The Community Security Trust (CST) is a charity that provides security advice for the Jewish community.
Jewish visitors to London are unlikely to suffer anti-Semitism, but should be aware of their surroundings as they would when visiting any large city with diverse neighbourhoods. If you do suffer an anti-Semitic attack, then you should report it to CST on 020 8457 9999. (In an emergency, dial Police 999).
CST’s website contains the latest security advice, an antisemitism reporting page, and a large range of resources for understanding and combating antisemitism.
CST is proud of Britain’s diverse and vibrant Jewish community, and seeks to protect its many achievements from the external threats of bigotry, anti-Semitism and terrorism. We provide physical security, training and advice for the protection of British Jews and assist victims of anti-Semitism, whilst monitoring antisemitic activities and incidents.
CST represents British Jewry to the Police, Government and media on all aspects of anti-Semitism and security. We believe that the fight against anti-Semitism and terrorism is an integral part of safeguarding our wider democratic British society against extremism and hatred.
We give security advice and training including street awareness courses to all security personnel, rabbis, school pupils, staff, and building managers of all Jewish communal buildings, at no cost.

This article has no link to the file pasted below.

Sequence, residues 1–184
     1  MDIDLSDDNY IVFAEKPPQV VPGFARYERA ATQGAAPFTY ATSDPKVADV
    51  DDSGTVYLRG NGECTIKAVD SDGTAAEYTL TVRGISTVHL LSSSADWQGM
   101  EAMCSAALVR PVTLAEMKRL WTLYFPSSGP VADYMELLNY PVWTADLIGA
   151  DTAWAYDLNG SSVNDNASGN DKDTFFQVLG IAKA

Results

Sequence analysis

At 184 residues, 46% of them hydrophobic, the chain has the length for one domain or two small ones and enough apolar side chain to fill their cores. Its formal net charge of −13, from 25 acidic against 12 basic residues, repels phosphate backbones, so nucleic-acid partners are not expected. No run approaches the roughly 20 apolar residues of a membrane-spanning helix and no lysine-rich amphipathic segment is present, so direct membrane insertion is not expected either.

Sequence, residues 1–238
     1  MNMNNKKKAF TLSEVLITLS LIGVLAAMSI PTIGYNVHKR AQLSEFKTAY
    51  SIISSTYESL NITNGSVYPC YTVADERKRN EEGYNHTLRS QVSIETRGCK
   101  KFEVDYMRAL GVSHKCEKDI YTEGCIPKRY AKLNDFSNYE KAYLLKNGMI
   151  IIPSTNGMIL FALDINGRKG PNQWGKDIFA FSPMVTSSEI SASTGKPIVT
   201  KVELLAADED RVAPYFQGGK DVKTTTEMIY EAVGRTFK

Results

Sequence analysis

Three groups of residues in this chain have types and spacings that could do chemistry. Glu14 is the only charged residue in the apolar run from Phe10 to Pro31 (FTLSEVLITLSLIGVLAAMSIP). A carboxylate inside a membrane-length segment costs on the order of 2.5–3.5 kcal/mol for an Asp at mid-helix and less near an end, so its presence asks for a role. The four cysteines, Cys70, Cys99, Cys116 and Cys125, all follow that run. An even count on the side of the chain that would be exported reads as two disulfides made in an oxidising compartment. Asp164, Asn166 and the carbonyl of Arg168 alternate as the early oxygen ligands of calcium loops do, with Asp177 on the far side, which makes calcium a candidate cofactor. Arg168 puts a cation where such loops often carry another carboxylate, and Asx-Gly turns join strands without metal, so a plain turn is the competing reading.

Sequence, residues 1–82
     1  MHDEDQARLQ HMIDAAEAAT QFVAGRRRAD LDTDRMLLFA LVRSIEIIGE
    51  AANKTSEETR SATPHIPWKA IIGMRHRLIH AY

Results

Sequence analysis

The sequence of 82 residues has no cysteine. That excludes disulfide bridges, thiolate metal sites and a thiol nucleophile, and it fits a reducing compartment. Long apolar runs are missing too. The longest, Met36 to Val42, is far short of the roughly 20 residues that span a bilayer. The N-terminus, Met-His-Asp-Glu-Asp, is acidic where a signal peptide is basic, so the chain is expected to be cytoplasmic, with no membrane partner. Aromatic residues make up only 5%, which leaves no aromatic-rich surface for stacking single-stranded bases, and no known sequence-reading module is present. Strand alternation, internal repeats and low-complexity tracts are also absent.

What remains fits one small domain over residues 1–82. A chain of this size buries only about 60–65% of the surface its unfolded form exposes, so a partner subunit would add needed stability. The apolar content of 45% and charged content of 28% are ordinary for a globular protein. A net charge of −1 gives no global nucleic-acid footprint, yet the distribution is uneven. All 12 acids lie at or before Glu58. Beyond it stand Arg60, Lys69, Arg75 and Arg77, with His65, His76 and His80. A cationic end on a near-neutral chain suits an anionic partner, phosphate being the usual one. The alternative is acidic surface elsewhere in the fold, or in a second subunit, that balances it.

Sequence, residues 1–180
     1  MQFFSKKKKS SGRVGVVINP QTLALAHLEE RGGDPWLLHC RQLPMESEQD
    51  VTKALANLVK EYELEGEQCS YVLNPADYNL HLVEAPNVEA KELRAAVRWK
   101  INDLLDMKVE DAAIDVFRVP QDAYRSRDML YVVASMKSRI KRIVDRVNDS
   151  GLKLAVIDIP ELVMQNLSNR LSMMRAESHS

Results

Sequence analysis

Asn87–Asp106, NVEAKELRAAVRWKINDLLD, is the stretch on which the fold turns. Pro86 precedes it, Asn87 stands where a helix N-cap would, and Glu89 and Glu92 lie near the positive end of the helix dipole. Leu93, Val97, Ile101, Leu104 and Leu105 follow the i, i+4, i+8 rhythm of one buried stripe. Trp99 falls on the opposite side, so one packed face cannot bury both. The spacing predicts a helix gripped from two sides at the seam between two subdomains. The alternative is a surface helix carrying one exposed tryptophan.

We strongly urge and recommend that organisers of Jewish communal events contact us in the planning stages of any event to advise as to whether a security presence is necessary, or how best to advertise an event safely.
In An Emergency
In the event of a major emergency affecting the Jewish community during the Games; the Jewish Emergency Support Service (JESS) has a coordinated management plan to deal with any situation.
JESS was set up in 1989 following a number of major incidents, including the Lockerbie bombing. Its initial aim was to offer relief, comfort and food to Jewish survivors in the immediate aftermath of a tragedy however it also offered post traumatic stress counselling to Jewish people both immediately after a disaster and in the long term.
In recent years JESS’s role has evolved, and it is now able to adapt to any circumstances and provides support to the government, emergency services, national and local authorities.
In the event of an emergency today, JESS will:
- Respond to any demands that the emergency creates, ensuring that a single point of contact is provided for the Jewish community
- co-ordinate a rapid and efficient response to all major emergencies within the Jewish community
- provide community leaders, organisations and emergency service organisations with a central single point of community contact in a major emergency
- establish a communication centre to ensure the regular flow of information between the community and emergency services
- co-ordinate emergency accommodation, kosher food, clothing and spiritual and religious guidance
- advise the authorities on Jewish issues that may result from an emergency
- JESS is co-ordinated by CST